New Fishcor board faces corruption stench
10 July 2020 | Local News
Public enterprises minister Leon Jooste says he is confident the newly appointed board of the National Fishing Corporation of Namibia (Fishcor) will be able to rid the entity of the stench of corruption it is immersed in.
Jooste announced the corporation's new board, which consists of Social Security Commission of Namibia CEO Milka Mungunda, lawyer Ruth Herunga, former Namibia Competition Commission CEO Mihe Gaomab II and University of Namibia (Unam) academic Penny Hiwilepo van Hal.
They replace the former board, which included former CEO James Hatuikulipi who is awaiting trial for his alleged involvement in money laundering.
The other outgoing board members are Unam academic Bennet Kangumu, former Ohangwena governor Usko Nghaamwa, former governor of the Kavango West Region Sirkka Ausiku, executive director in the fisheries ministry Moses Maurihungirire and Ndaendomwenyo Sheya.
Salvage the situation
Outlining the functions of the new board, Jooste said they were tasked to salvage the situation at the disgraced entity. “They need to ensure that capable management of the entity are in place and that the challenges they are facing are being addressed.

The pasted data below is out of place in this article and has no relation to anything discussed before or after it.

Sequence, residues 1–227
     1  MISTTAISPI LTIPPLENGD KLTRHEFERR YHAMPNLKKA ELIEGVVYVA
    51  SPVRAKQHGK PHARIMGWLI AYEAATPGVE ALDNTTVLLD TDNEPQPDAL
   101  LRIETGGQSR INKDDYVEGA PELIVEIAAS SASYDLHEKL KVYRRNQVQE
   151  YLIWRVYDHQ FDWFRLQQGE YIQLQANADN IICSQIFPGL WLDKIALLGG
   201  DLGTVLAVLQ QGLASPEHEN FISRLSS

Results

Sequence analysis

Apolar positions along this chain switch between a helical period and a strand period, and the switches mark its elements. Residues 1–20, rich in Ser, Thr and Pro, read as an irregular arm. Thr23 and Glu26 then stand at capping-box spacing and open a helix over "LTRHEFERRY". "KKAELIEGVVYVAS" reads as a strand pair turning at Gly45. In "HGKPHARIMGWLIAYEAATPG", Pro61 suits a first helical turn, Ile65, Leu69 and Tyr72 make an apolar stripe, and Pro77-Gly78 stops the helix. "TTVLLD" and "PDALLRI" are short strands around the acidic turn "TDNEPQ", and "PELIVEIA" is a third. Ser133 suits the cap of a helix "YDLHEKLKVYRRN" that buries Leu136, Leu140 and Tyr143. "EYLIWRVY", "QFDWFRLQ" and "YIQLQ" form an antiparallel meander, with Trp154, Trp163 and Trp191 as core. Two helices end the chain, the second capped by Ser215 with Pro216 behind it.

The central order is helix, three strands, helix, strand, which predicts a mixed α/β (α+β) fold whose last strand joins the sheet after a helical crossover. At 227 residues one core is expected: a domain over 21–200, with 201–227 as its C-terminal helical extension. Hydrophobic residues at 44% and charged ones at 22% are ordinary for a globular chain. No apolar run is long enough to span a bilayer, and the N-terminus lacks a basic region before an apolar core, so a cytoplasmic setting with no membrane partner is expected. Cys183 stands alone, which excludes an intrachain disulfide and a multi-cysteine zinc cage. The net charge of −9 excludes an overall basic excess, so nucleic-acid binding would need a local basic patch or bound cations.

“I have no reason to doubt the ability of the board members to address the challenges and I will complement their skillset by appointing additional temporary board members if required,” the minister said.
Jooste said although this was a temporary board, it would operate in the same manner as a full-term board.
“The temporary board has the same authority a substantive board would have. They have been requested to stabilise the commercial and operational matters in Fishcor and the various subsidiaries and also to remedy the various governance-related challenges.” When asked what the rationale was behind the composition of the board, Jooste said the Public Enterprises Act empowered him to appoint a temporary board.
“Section 10 of the Public Enterprises Governance Act makes provision for the appointment of temporary board members when the offices of all the members of the board become vacant,” Jooste explained.
“A company cannot function without a board of directors and it has become urgent to fill the governance vacuum that existed,” he said after the term of the former board had ended.